"This is a remarkable testimony of a theological journey in search of resources for a compassionate Christology through American Christianity. The journey starts rather unconventionally with conversations with Japanese theologians who emphasize the image of a suffering Christ in contrast to Western triumphalism. Readers are guided through the thick woods of Protestant orthodoxy, Reformed dogmatics, nineteenth-century German philosophy, Puritan New England, and the American South. Much like the figures they take up in the book, the authors refuse to endorse any one-sided argument for Christus dolor alone or for its multi-cultural adaptations. They point to the danger of over-contextualization and exploitation, both by the privileged and by the oppressed. At the end of the journey, readers will have a solid grasp of what it means to be faithful to the core of our common Christian tradition today while at the same time staying attentive to the voices of contemporary critiques. This book is for all students and professionals who take the challenge of such a theological inquiry seriously."
Anri Morimoto, vice president for academic affairs, International Christian University, Tokyo, Japan
"This is the best kind of academic book. The writing is clear and engaging, and it speaks both directly and indirectly to issues of importance to Christians outside the academy. The authors model how to engage one's own tradition both faithfully and critically. . . . The 19th-century sources Mouw and Sweeney explore are from an age when 'most theologians still assumed the responsibility of thinking with the church.' The Suffering and Victorious Christ recovers that sense of responsibility. It is a deep and careful reflection on a serious subject. And the questions it seeks to answer are shaped by the experience of the saints in churches both at home and abroad."
Brandon J. O'Brien,
"Two white evangelicals think aloud about the strengths and shortcomings of their Reformational traditions and commend the insights of Asian and African-American Christians into the suffering and sorrows of Christ. The afterword by theologian Willie Jennings is both appreciative and critical, and not to be missed."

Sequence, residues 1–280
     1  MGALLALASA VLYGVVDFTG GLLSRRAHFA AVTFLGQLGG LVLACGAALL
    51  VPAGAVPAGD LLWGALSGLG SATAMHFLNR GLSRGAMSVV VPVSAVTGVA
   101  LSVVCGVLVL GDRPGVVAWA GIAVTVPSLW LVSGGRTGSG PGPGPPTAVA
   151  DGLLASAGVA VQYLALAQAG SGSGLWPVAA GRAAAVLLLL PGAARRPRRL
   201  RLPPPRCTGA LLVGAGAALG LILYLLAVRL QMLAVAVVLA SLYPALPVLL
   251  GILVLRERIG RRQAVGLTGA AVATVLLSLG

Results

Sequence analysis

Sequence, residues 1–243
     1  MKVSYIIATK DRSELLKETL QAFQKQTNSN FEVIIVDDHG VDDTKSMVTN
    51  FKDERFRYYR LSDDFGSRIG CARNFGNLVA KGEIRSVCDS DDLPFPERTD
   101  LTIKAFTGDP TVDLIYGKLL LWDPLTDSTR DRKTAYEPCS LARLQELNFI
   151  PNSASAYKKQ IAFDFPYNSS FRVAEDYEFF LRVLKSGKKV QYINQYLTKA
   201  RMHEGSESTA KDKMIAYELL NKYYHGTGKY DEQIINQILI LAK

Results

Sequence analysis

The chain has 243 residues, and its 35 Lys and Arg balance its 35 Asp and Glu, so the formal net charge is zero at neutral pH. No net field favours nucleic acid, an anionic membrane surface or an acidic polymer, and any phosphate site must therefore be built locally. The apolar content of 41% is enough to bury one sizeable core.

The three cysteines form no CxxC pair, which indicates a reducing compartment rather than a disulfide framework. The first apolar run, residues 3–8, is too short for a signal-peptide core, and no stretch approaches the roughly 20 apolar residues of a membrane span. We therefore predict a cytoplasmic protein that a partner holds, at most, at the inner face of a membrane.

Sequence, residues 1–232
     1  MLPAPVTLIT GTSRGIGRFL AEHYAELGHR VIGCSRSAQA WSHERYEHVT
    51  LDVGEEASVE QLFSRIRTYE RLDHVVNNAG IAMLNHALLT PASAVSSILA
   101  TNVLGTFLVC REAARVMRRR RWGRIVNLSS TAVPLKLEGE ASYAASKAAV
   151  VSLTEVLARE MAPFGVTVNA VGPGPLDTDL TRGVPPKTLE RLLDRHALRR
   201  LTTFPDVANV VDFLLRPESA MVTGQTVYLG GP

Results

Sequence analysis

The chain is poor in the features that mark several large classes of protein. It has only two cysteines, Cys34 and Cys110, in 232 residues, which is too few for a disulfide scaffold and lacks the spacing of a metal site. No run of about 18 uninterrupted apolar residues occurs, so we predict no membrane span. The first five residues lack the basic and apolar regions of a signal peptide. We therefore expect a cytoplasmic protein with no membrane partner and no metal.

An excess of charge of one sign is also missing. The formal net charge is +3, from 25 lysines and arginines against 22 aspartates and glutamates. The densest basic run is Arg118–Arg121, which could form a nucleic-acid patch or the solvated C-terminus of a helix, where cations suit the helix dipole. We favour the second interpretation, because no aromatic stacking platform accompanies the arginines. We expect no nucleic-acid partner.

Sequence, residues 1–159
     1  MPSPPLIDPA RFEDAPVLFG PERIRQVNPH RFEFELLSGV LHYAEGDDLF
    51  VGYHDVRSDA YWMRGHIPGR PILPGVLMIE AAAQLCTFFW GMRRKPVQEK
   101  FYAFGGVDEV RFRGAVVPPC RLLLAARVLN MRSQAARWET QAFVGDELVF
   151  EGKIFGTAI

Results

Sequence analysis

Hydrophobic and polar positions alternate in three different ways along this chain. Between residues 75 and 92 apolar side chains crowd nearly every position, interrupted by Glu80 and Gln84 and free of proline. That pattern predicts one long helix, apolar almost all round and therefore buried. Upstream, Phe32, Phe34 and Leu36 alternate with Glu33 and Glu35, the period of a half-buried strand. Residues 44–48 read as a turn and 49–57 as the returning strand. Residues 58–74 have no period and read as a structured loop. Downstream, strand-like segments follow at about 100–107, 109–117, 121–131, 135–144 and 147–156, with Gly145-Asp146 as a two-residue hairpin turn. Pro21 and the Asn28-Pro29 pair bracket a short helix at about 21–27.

Amy Plantinga Pauw,
"Mouw and Sweeney have raised important considerations in this compact book. Theologians in a global context will find critique and encouragement as they seek a nuanced Christology. Perhaps most helpful for pastors and informed lay leaders, the authors deepen and enrich our vision of the suffering Jesus."
Luke D. Le Duc,
Scottish Bulletin of Evangelical Theology
"The willingness of Mouw and Sweeney to listen to the observations of theologians outside their cultural context and engage with the theological and cultural history of their traditions is laudable and testifies to their critical acumen and theological humility. . . . The nuance of Mouw and Sweeney's treatment is one of its most praiseworthy features. Their engagement with the Christus dolor in the African American theological tradition--under-represented in academic scholarship, but an important part of American religious history--should also be commended. . . . . Mouw and Sweeney make an important contribution to discussions of Christology, and offer insight into how conceptions of the incarnation condition the ways in which Christians across the world--rich and poor, flourishing and suffering--may identify with God. For anyone interested in Christology or thinking more deeply about the identification of suffering Christians with the Christus dolor, I firmly recommend this volume."